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ALOS 3 (Daichi 3)


JAXA's ALOS 3 (Advanced Land Observation Satellite 3) was an optical Earth observation satellite to be used for cartography, regional observation, disaster monitoring, and resource surveying. It is the follow up to the optical component of ALOS.

Achieving improved optical observations of wide-swath with high-resolution as successor of optical mission of Daichi. The Advanced Optical Satellite is a successor of the optical mission of the Advanced Land Observation Satellite ALOS (Daichi). The new satellite will achieve improved ground resolution (0.8 m) while observing a wide -swath (70 km) by a larger sensor with higher performance compared to Daichi, and continuously observe not only Japan but also global land areas to construct a system that can swiftly and timely acquire, process and distribute image data. Based on the accumulated data captured in pre- and post-disaster times, the satellite aims to become one of the imperative devices for disaster prevention and preparation activities of countries and municipal governments.

Observation data acquired by the satellite is also expected to be useful in various fields such as contributing to the maintenance and updates of precise geospatial information in Japan as well as developing countries, and research and applications on coastal and land environmental monitoring by its observation capabilities.

The optical sensor onboard the Advanced Optical Satellite will improve its ground resolution by approx. three times from that of Daichi (2.5 to 0.8 m at nadir) while maintaining a wide-swath of 70 km at nadir. Such a high-resolution sensor with a wide-swath is a unique characteristic of the sensor, which is achieved using maximize our accumulated knowledge and manufacturing technology for a large optical system and a high resolution detector.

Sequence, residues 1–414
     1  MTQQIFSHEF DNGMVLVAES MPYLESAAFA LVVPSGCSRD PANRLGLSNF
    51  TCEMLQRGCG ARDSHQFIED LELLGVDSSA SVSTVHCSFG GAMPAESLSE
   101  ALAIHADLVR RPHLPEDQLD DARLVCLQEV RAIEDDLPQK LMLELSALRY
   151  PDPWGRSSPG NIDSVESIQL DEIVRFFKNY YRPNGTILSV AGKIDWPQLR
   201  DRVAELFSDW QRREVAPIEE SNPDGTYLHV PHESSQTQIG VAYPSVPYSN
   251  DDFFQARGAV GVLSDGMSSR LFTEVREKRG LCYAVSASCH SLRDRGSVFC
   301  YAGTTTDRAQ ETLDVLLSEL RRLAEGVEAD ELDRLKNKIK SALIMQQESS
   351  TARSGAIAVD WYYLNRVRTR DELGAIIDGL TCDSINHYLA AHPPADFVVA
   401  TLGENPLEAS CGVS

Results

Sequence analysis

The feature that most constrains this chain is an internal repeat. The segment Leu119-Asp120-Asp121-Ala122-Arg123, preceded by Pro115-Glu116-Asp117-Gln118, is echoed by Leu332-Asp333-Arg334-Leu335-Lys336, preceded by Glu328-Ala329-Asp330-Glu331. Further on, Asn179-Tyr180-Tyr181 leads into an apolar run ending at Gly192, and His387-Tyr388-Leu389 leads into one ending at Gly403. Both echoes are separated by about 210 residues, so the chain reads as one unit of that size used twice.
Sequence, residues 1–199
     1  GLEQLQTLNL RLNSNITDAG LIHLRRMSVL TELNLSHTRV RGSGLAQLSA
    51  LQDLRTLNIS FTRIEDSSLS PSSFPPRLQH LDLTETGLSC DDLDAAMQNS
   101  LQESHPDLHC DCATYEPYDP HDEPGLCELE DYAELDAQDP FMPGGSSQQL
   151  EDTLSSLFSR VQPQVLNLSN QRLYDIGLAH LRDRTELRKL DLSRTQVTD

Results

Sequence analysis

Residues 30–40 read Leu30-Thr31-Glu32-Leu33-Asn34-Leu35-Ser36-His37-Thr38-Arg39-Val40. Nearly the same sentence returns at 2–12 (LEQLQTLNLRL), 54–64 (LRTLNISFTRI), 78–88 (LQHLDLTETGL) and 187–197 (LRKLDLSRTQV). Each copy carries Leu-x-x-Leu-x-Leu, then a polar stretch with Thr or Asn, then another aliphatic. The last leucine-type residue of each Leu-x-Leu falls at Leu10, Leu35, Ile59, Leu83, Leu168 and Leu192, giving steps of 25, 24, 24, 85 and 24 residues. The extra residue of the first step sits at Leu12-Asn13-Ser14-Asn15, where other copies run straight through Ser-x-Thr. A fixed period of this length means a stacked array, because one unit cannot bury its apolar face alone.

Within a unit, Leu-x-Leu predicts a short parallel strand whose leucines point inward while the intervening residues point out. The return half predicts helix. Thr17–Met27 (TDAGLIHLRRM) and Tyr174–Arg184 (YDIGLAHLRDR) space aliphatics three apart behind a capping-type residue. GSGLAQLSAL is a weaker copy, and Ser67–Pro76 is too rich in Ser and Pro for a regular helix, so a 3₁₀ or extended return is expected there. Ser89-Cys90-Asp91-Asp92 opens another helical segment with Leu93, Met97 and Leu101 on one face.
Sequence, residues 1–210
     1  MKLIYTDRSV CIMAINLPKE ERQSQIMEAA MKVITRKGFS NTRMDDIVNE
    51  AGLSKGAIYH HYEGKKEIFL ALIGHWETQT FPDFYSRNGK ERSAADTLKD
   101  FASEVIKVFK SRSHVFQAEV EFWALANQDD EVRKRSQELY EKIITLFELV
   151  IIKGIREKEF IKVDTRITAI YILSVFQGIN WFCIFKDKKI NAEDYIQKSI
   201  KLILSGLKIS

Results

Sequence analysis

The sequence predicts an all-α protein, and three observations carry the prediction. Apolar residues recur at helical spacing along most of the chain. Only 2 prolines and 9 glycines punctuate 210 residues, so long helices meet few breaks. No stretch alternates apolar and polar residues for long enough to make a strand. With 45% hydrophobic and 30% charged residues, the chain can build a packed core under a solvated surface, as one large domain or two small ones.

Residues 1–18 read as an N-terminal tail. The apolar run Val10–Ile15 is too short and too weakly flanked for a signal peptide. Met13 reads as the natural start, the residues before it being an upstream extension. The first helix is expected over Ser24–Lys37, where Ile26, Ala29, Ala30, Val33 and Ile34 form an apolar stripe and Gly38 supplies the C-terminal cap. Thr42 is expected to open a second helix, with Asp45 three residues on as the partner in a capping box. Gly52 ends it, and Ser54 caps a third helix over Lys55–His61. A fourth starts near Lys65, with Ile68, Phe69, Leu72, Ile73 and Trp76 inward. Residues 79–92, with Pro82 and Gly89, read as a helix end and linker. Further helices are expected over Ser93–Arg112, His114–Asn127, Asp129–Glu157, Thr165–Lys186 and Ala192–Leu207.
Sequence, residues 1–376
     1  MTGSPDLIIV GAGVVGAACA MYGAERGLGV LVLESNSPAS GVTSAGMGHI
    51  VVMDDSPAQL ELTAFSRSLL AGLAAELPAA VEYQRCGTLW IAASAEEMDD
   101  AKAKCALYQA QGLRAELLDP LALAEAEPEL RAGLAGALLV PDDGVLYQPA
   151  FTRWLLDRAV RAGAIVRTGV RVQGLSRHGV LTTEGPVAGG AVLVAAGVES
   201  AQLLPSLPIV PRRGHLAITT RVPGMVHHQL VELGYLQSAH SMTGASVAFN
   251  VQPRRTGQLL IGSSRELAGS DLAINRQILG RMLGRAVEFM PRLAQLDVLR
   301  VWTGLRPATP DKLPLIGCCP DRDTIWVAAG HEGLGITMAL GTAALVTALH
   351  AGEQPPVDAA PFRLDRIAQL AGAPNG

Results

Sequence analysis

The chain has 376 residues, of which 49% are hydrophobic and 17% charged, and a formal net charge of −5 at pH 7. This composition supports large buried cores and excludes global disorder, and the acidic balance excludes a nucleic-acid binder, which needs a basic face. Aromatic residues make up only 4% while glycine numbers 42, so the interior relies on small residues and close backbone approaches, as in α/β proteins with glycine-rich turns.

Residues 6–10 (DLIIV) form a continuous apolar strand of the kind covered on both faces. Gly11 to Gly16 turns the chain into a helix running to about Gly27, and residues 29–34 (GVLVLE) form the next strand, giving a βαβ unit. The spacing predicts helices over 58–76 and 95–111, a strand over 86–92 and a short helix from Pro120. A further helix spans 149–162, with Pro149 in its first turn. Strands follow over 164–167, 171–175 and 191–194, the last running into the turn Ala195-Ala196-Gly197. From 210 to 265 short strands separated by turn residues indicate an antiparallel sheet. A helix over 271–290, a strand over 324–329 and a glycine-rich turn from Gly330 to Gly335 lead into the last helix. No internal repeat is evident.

The Advanced Optical Satellite can normally perform observation covering a wide area of 70 km in width and 4000 km in along-track direction as the strip-map observation mode. In addition, the satellite has also capable following observation functions.

  • Acquire stereo-pair image at a certain ground point from two different directions.
  • Covering a wide-area of 200 km (in along-track direction) × 100 km (in cross-track direction) in an orbit path by satellite’s single orbital passage.
  • Changing observation direction from satellite nadir. The satellite can observe any given point in Japan within 24 hours after receiving the request by the pointing capability up to 60° in all direction against the satellite nadir.

The mission instrument ALOS-3 is a wide-swath and high-resolution optical imager. It works both in panchromatic mode (black and white) with a ground resolution of 0.8 m and a swath width of: 70 km at nadir, as well as in multi-band (color) mode with a ground resolution of 3.2 m and a swath width of 70 km at nadir. Following bands are available: Band 1 0.40~0.45 µm (Coastal), Band 2 0.45~0.50 µm (Blue), Band 3 0.52~0.60 µm (Green), Band 4 0.61~0.69 µm (Red), Band 5 0.69~0.74 µm (Red Edge) and Band 6 0.76~0.89 µm (Near-Infrared).

ALOS 3 was launched on 3 March 2023 on the maiden H-3-22S rocket, but failed to reach orbit when the launch vehicles second stage engine failed to ignite.

Nation: Japan
Type / Application: Earth Observation, Radar
Operator: JAXA
Contractors: Mitsubishi Electric Corporation
Equipment: Wide-swath and high-resolution optical imager
Power: 2 deployable solar arrays, batteries
Lifetime: 7 years
Mass: ~3000 kg
Orbit: 669 km SSO
Satellite COSPAR Date LS Launch Vehicle Remarks
ALOS 3 (Daichi 3) 2023-F04 07.03.2023 Ta YLP-2 H-3-22S failed

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